The battle for Nigeria is rapidly heating up. And it is no joke. Self-confident men are stepping into the ring and offering themselves as authentic replacement for President Buhari in 2023. They have fanned out all over the country making what they call consultations with past and present political heavy weights they believe hold the key to the realisation of their holy ambition. They are actually seeking endorsements from those who matter and whose support matters in this do-or-die battle. I am as intrigued as you should be.
The presidency is a serious job. In a less imperfect world, the job should attract serious-minded men and women who are mentally and emotionally prepared for effective leadership. It ought not be for jokers who take the absurdity of leadership as a can-do business beyond reason. Such men and women make a brief appearance in the news media and are soon swamped by their own anonymity. They are the Charlie-Charlie of political entertainment. Power attracts and political power attracts hordes of serious men and women and hordes of jokers.
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I find it disappointing that the politicians are still treating the leadership recruitment process as some kind of an absurd joke. They are still unable to wean themselves from their incapacity to make a mess of eating boiled yams. In a nation in which nothing is ever settled, even less is settled among the politicians. Each time they move forward, they roll back. They cannot make up their mind on the locus of power post Buhari. Should his successor emerge through power rotation between the north and the south or from a particular geo-political zone?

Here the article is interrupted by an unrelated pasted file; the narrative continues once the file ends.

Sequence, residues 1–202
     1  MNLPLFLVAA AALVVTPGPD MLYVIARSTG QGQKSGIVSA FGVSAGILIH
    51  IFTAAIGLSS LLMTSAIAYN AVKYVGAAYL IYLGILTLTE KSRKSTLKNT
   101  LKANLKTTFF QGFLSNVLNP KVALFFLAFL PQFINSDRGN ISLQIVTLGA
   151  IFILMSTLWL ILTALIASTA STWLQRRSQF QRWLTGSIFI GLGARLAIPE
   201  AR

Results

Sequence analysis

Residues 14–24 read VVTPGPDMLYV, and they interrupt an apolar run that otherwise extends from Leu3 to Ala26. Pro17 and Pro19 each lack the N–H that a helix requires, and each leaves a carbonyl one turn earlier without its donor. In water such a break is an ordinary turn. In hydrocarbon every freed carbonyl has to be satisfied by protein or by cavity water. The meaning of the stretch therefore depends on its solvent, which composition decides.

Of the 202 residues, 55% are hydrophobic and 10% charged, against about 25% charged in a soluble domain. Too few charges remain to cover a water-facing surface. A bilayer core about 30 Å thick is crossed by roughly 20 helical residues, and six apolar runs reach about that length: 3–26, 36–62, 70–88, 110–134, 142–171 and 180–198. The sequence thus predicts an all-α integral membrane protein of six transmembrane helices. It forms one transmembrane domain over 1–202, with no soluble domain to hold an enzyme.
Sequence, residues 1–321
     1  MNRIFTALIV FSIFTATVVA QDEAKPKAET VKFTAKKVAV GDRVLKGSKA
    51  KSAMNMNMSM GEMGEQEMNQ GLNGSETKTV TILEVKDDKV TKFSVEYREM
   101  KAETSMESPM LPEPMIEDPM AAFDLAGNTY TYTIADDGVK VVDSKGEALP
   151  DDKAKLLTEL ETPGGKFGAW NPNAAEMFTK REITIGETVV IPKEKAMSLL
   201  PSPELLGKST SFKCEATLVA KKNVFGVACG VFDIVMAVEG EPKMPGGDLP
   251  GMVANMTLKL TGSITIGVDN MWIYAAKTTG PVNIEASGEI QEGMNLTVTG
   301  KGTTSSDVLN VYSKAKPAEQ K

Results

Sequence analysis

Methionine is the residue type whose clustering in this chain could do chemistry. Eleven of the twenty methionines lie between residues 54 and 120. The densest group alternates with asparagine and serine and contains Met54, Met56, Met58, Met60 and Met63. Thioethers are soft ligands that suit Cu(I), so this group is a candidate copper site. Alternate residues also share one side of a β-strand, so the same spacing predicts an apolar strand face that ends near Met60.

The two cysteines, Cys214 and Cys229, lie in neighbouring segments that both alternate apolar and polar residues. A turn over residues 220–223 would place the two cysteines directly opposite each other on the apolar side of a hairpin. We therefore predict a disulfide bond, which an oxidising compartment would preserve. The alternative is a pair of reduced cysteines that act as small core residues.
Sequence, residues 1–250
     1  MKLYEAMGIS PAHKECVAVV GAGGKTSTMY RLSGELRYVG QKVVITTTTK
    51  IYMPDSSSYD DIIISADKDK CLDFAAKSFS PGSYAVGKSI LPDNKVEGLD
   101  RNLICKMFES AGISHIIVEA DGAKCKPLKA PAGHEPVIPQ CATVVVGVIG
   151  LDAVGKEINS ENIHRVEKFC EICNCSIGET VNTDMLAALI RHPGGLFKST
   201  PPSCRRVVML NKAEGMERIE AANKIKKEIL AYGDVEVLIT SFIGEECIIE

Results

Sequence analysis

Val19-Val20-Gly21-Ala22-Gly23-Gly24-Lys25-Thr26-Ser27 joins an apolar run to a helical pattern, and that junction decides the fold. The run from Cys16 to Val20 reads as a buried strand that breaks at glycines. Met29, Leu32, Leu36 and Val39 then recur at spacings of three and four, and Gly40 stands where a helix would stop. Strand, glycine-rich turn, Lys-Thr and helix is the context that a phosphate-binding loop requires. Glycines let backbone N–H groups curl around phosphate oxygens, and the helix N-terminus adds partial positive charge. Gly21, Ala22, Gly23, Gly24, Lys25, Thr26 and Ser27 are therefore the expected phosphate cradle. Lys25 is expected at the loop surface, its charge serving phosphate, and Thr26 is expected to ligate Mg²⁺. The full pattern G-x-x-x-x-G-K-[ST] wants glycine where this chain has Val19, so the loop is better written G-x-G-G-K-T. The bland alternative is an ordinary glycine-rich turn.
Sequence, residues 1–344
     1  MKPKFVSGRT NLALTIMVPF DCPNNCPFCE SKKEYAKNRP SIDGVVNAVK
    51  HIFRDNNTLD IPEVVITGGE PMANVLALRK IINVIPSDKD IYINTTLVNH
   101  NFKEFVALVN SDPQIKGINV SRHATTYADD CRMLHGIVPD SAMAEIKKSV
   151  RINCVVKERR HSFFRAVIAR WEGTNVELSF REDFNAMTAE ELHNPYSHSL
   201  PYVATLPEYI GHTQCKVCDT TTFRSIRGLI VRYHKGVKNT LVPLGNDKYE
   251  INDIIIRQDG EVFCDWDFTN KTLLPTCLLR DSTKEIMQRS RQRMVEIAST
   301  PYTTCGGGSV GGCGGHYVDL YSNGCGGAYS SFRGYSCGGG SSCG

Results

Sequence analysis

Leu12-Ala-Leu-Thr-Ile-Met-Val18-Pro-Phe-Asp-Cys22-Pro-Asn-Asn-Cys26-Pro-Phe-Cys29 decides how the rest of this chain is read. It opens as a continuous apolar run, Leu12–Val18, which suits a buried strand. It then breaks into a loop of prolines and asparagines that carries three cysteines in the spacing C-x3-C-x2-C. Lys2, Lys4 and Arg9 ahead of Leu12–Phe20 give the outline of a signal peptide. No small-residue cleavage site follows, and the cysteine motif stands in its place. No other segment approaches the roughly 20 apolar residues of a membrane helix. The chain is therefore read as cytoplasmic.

It is a weighty question but one the politicians would not bother to answer because money will determine who the next president is and where he comes from. Our politicians purchase power in the executive and the legislative branches of government at federal and state levels. Money matters but it fouls up the leadership recruitment process.
The purchase of political power begins innocently. Here is how it happens. The political power seeker first beats the paved road to the mansion of either his godfather or the godfather of his political party. He tenders his ambition before the big man. The big man picks his teeth as he listens to the power seeker. He pretends not to understand the mission of the power seeker. For all he knows, the man might be speaking in tongues. Both men engage in a bit of running around with promises offered and promises considered. The power seeker then drops something for the big man. A man who goes to a shrine must do so with choice items of sacrifice.
With that the power seeker has secured the big man’s endorsement. He goes home nursing the fond hope that there would be no intervening ugly variables such as the appearance of another power seeker who drops something much bigger than his. You may think politicians are not gentlemen, but they act on the basis of a gentleman’s agreement in how they sell and buy power. Money changes hands without receipts; agreements are reached but none is signed. If you thought that honour does not rank highly among politicians, you are wrong. Remember there is honour among thieves, the thieves of our common purse not an exception.